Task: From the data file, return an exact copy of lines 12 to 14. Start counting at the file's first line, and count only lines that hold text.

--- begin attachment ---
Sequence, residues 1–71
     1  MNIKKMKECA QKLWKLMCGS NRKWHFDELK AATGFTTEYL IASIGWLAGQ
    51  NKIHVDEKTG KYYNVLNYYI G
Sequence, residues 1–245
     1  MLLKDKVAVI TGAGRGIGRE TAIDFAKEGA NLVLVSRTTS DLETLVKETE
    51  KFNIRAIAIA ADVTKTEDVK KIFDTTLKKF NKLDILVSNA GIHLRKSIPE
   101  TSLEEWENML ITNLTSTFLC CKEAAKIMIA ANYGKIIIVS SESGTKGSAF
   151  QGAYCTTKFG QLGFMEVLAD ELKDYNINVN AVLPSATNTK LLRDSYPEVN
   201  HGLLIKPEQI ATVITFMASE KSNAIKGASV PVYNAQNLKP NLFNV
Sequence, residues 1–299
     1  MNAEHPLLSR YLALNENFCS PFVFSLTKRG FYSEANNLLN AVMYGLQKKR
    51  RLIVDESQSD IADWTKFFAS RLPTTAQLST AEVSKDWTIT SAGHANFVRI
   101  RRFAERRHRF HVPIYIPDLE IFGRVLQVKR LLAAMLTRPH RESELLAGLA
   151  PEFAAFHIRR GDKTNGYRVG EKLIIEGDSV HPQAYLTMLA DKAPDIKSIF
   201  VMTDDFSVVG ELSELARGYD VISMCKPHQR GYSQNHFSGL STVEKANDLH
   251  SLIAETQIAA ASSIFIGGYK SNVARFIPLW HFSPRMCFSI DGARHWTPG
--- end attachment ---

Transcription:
    51  RLIVDESQSD IADWTKFFAS RLPTTAQLST AEVSKDWTIT SAGHANFVRI
   101  RRFAERRHRF HVPIYIPDLE IFGRVLQVKR LLAAMLTRPH RESELLAGLA
   151  PEFAAFHIRR GDKTNGYRVG EKLIIEGDSV HPQAYLTMLA DKAPDIKSIF